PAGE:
Los Angeles Lakers: Was standing pat at the trade deadline the right move?

(Photo by Chris Elise/NBAE via Getty Images)
(Photo by Chris Elise/NBAE via Getty Images) /

With the trade deadline behind us, many Los Angeles Lakers fans are surprised, and/or flat out upset at the lack of activity from the team.

The only tangible piece of information that points to any kind of activity at the deadline from Rob Pelinka and the Los Angeles Lakers, was a tweet from ESPN’s Ramona Shelburne that said the team was looking to acquire New York Knicks forward Marcus Morris.

However, the asking price of Kyle KuzmaDanny Green, and draft compensation was deemed — and perhaps rightly so — too high for the Lakers, and the team ended talks right there. The crosstown rival Los Angeles Clippers then stepped in and traded for Morris in a three-team trade with the Washington Wizards.

So after a lot of speculation, it appears that there won’t be any major shake-ups for this Los Angeles Lakers team, and now we have to ask the question of was this the right move?

The first thing that needs to be mentioned regarding the Lakers’ lack of moves at the trade deadline is that they didn’t have much in the way of tradeable assets, to begin with. The Anthony Davis trade eliminated the team’s ability to trade any future first-round picks for the foreseeable future, in addition to almost all of the team’s young talent.

In addition, the current salary cap sheet of the Lakers has also made it incredibly difficult to find matching salary for any potential deal, as the players the team would be most willing to part with, also happen to be the ones making the least amount of money.

Kyle Kuzma was widely regarded as the team’s most ‘tradeable’ asset, and according to a report from The Athletic’s Shams Charania, was asked about by multiple teams. The problem is that Kuzma is still on his rookie-scale contract, making a mere $2 million in salary.

For the Lakers to include Kuzma in any kind of package, they would also have to part with players making larger salary amounts, such as Kentavious Caldwell-Pope, JaVale McGee, or Danny Green.

A two for one or even three for one deal is simply not a realistic path to success for the Lakers at this moment. The above-mentioned players have all been integral parts to the team’s success, and it just doesn’t make sense to sacrifice that kind of depth for a player like Marcus Morris or Robert Covington.

The bottom line is that the Lakers undoubtedly wanted to make a trade, it’s just that the path to making one that would actually move the needle simply wasn’t there. It should also be said that making a trade just for the sake of making a trade, isn’t always fruitful.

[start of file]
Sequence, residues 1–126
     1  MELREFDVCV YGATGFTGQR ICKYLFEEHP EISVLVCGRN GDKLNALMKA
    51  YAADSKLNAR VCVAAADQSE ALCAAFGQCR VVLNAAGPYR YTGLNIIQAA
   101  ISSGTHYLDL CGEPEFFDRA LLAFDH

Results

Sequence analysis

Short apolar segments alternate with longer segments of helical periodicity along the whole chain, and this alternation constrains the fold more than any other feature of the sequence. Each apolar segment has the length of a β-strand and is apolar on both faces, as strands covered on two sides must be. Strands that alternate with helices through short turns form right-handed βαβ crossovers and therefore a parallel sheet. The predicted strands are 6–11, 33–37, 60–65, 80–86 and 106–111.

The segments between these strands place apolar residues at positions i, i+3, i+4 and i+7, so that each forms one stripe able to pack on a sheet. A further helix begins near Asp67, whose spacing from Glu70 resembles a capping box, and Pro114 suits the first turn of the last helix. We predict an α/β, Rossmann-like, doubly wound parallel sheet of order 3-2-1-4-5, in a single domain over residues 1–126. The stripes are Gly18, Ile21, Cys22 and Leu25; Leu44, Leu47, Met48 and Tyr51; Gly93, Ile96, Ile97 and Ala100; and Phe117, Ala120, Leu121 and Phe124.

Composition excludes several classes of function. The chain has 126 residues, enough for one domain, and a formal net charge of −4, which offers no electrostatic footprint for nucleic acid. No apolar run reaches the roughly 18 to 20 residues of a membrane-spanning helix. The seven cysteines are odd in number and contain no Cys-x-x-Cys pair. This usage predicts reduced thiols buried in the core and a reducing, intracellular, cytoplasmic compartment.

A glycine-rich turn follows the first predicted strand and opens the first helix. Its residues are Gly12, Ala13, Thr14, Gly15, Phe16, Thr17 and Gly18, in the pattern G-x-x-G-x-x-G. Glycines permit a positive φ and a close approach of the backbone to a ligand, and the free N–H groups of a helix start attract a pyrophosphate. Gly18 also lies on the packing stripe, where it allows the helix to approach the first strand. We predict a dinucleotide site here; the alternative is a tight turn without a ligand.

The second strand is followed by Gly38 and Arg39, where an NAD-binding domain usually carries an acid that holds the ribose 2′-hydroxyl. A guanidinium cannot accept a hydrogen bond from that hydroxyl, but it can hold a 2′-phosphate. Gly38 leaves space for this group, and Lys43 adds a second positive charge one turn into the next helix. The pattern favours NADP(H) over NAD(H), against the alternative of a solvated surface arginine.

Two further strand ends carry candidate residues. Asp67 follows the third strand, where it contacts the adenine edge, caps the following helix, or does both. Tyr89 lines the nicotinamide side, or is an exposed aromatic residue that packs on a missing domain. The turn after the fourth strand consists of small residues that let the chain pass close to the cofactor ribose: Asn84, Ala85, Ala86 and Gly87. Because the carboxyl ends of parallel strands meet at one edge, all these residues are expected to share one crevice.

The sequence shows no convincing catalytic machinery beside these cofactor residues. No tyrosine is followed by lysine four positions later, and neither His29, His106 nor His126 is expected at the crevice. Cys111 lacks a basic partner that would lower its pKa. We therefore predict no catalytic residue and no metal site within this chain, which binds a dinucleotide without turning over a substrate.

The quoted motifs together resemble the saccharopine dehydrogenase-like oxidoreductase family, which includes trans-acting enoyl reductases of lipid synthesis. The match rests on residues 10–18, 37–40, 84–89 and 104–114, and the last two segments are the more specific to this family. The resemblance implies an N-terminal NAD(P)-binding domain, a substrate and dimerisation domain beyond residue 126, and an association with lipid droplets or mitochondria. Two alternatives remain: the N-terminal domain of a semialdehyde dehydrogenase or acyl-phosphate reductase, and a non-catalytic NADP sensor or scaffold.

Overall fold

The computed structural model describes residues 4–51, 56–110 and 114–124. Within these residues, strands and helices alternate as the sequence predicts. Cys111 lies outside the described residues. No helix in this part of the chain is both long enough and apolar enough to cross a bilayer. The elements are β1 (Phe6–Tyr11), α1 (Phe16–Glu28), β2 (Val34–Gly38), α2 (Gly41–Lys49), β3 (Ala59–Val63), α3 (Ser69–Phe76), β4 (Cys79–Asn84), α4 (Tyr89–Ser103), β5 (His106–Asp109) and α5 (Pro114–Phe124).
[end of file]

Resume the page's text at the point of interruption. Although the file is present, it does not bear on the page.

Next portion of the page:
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We saw that last season when the front office (albeit led by former President of Basketball Ops Magic Johnson), traded away two solid young pieces in Ivica Zubac and Sviatoslav Mykhailiuk for three-month rentals of Reggie Bullock and Mike Muscala.

Another aspect to consider is that the team’s chemistry is at an all-time high, and even though a trade might look good paper, breaking up a close-knit team such as this can sometimes be detrimental to their overall success.

At this point in time, the Lakers best chance to add an impact player will be on the buyout market, and even though their white whale in Andre Iguodala was recently traded for and extended by the Miami Heat, there should be a number of other players that will be available on the buyout market.

In addition, with the news that former Pacers point guard Darren Collison is considering coming out of retirement, with the Lakers being pegged as heavy favorites to sign him according to Marc Stein of the New York Times, it makes even more sense that the team stuck to its guns at the deadline. If the team can make improvements on the margins without giving up its best assets, you do that ten times out of ten.

*update after submission, Darren Collison has informed the Lakers he will remain retired*

So even though we’re all disappointed that the Lakers didn’t make the splash at the trade deadline that we wanted them to, there is at least a good reason as to why that was the case. A combination of not having the right type of contracts, coupled with a lack of draft capital, played a huge role in restricting their ability to make an impact move.

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However, given the fact that the team has been at the top of the Western Conference standings since the start of the season, and is fielding a top-five ranked offense and defense, it makes sense that they don’t want to mess up something that is clearly working.